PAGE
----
FAfter the government’s initiative to revive sports in the departments, it is a very important stage for all those departments that want to restore their football teams. This time around they will need to adopt the more professional approach in rebuilding their side for future national events whatever may happen in the next few months. If they take a casual approach and stick to the conservative culture of re-establishing their teams, it won’t do any good.
Things have changed now. It is not the era of giving footballers jobs for life but to make them financially strong through season based contracts or yearly deals that have to be worth more to the players and far better than even their regular jobs. But one thing must be taken into account and that is that footballers’ medical insurance must be guaranteed in new contracts.
Certainly administrations will now go for contract-based jobs for their players and no organization will now want to fall into any regular, life-time deal with any player who has no interest in the sport anymore. This is the right time to invest money in the football market and make it more competitive.
We have seen in the past that footballers with regular jobs often feel good about themselves, haven’t worked on improving their physique and often lack a professional approach. When they are given such healthy and money oriented contracts, with some strict clauses built into the structure, I think this will make them fitter and more active as players and they will always be more focused.
This kind of approach will eventually help football in a country that seems very conservative in its approach to the sport. Even departments will have to operate as professional clubs in the future as they will have to transform themselves into clubs in light of the AFC’s club licensing regulations.
Some work on club licensing has already been done in the AFC, but the region needs more focus from the authorities in the coming months so that maximum departmental teams, which have a strong history of football development, can be converted into professional clubs. Some will agree and some will not, but those who don’t will have no space in the system then. Obviously these things are hard to assimilate into Pakistani culture where state owned teams have been the mainstay of the development of the sport but we will need to break free and face the realities of the 21st century.
Some international footballers also want such a system whereby divisional jobs must be on experience-based contracts or annual contracts with big bonuses on offer.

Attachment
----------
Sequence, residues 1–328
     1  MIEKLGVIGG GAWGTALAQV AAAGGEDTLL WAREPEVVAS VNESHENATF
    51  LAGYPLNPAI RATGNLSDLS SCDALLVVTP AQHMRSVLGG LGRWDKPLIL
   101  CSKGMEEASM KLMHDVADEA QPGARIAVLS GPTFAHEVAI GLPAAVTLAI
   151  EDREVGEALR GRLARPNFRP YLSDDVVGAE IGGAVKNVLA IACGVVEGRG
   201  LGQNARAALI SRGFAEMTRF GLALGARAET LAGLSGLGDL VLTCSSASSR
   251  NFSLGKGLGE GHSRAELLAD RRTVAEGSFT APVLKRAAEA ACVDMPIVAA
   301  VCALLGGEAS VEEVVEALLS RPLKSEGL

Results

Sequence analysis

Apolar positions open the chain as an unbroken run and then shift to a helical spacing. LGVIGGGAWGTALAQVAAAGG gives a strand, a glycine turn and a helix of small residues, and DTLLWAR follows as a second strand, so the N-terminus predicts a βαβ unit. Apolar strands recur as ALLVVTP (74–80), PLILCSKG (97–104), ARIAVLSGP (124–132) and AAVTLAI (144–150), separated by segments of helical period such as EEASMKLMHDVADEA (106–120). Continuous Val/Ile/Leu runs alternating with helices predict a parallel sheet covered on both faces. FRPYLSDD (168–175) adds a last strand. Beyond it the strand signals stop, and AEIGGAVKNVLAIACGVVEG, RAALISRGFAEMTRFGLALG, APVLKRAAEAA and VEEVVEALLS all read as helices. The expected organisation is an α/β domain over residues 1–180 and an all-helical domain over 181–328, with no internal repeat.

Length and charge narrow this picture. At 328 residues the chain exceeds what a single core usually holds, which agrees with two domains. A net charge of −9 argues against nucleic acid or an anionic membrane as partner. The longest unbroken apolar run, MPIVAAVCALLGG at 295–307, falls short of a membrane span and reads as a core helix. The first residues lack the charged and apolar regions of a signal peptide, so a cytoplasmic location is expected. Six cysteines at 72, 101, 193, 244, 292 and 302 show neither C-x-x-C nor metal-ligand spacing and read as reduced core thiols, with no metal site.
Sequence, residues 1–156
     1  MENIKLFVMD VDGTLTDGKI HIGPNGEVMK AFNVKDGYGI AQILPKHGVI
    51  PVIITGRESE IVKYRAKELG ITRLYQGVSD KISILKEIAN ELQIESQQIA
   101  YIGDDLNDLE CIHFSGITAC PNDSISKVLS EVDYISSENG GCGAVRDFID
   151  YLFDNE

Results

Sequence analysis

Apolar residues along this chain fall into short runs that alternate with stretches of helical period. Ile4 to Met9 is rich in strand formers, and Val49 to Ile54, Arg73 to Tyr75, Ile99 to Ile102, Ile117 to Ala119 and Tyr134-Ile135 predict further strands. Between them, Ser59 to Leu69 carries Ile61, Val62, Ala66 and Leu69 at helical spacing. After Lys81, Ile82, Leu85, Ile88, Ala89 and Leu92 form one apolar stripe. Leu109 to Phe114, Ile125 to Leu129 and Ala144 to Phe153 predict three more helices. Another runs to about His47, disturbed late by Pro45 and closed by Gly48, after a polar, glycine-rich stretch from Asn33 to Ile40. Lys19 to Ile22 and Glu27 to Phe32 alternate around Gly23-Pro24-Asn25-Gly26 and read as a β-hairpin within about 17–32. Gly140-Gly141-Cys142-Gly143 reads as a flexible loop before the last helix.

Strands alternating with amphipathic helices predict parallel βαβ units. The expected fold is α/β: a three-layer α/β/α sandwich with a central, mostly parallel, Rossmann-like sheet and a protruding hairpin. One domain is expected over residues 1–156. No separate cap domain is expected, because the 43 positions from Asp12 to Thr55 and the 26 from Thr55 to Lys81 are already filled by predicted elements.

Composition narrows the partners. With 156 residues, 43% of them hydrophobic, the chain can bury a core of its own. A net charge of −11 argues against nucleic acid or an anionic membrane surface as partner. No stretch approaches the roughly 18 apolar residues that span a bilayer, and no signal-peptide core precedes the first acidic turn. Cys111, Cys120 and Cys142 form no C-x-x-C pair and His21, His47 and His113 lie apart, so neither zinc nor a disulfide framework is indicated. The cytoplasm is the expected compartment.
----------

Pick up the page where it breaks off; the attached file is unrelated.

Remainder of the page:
Anything less productive for footballers will be rejected by players who aim to rise high and who are capable of serving the country on the international circuit. It is time for managements to devise such a strategy so that they can help football in the future. The age groups will certainly have to be retained and their own state-of-the-art stadium facility built.
Therefore, I think it is a crucial stage for the divisions to determine their direction. Even some experienced coaches who know modern football also want seasonal and annual contracts for football players as a better option. But as I said earlier, full medical coverage and other necessary shields should be provided to the players along with a decent salary so that the players can just focus on their game. If we develop our system, it will certainly leave a healthy impact on the level of football in the years to come.
The FIFA-appointed Normalization Committee is expected to announce the National Football Challenge Cup in a few days and it will be the first event for departmental teams after the country’s major sport has recently revived.
There is no strong chance for the Premier League this season, and next season all divisions will have to strategize very fresh in the football market and make its structure more viable and players friendlier. This will not be a task that can be done overnight and it takes time and slowly and gradually all departments will automatically be able to transform their staffing system under defined financial mechanism. The results will certainly be very fruitful.
Departments will certainly need legal assistance on various fronts but there is no other way to make the system so productive. We hope to see a better future for football in the country as millions of people depend directly on this highly sought after sport. Hope for the best.
Meanwhile, football in Pakistan is once again gaining momentum. After exposure to the women’s national team through their participation in the AFC Cup in Nepal recently, the men’s team is also set to travel from Lahore to Nepal next month to play two international friendlies scheduled to take place from November 14-21. In a location yet to be determined. The men’s team, after a grueling six weeks of training in the capital of Punjab, is now on vacation and will resume training from November 3 on the tour of Nepal. This will be after three long years as the senior national team will return to the international arena. The last time Pakistan participated in a World Cup qualifier against Cambodia in the summer of 2019 losing their matches in Cambodia and Doha. During the past seven years, football activities have suffered the most due to internal disputes between the various factions and the litigation process. Now NC is on its way to a PFF election. Currently, it is working on club registration and to date more than 4,000 clubs have been registered through FIFA Connect.
In the next step, the examination of the clubs will begin and we will see competitions at the district level in order to assess the situation of the clubs on the ground. North Carolina plans to finalize the electoral roll for the district elections by January 15th. I hope things are going in the right direction.